The accelerated procedure may be triggered during the regular procedure at the date when the case officer determines the existence of one of the grounds for applying an accelerated procedure.[2] Article 79 of the Asylum Act provides that after the interview and the assessment of the reasons invoked in support of the asylum application, a decision should be issued within 3 days from the start of the accelerated procedure. Therefore, the trigger of the accelerated procedure may not coincide with the date of the personal interview. However, the cases where the accelerated procedure is triggered after the interview are very rare.


IGI-DAI reported 315 applications processed under the accelerated procedure in 2019, up from 167 in 2018 and down from 382 in 2017.[3]

Personal interview


The Asylum Act requires a personal interview of asylum seekers in the accelerated procedure. Article 79 of the Asylum Act clearly states that a decision is made after an interview and after examination of the reasons invoked by the applicant. In practice, the personal interview is always conducted by IGI-DAI.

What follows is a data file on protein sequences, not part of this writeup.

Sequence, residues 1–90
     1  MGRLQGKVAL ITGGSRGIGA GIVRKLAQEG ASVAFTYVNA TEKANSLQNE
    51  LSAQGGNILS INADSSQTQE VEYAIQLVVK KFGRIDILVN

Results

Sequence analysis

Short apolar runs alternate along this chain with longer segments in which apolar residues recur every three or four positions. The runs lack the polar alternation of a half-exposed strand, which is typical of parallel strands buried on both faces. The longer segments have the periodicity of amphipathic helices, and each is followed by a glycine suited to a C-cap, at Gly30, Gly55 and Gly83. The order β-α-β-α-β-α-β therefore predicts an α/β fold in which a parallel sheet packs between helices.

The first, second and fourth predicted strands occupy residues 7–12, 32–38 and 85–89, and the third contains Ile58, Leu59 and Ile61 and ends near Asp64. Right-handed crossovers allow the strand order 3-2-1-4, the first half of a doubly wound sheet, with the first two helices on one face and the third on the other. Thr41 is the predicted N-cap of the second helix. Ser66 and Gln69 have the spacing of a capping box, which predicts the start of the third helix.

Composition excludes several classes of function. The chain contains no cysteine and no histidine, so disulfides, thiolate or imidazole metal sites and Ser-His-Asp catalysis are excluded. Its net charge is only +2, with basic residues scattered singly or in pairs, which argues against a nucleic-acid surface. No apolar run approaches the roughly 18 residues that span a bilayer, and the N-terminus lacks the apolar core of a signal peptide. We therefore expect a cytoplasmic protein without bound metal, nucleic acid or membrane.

The same rules as in the Regular Procedure: Personal Interview apply.




The law provides for the appeal against a negative decision in the accelerated procedure, which must be submitted within 7 days from the notification of the decision. If the appeal is filed within the deadline, it has automatic suspensive effect.[4]


There were no problems reported in relation to lodging an appeal in the accelerated procedure, as the deadline for submitting an appeal against a negative decision in the accelerated procedure has been increased from 2 days to 7 days with the 2015 reform of the Asylum Act.


Legal assistance


The law provides for access to free legal assistance for asylum seekers during the accelerated procedure in the same conditions as the asylum seekers subject to the Regular Procedure: Legal Assistance. However, if asylum seekers are in detention in one of the two detention centres (Arad and Otopeni), there is no permanent access to legal counselling.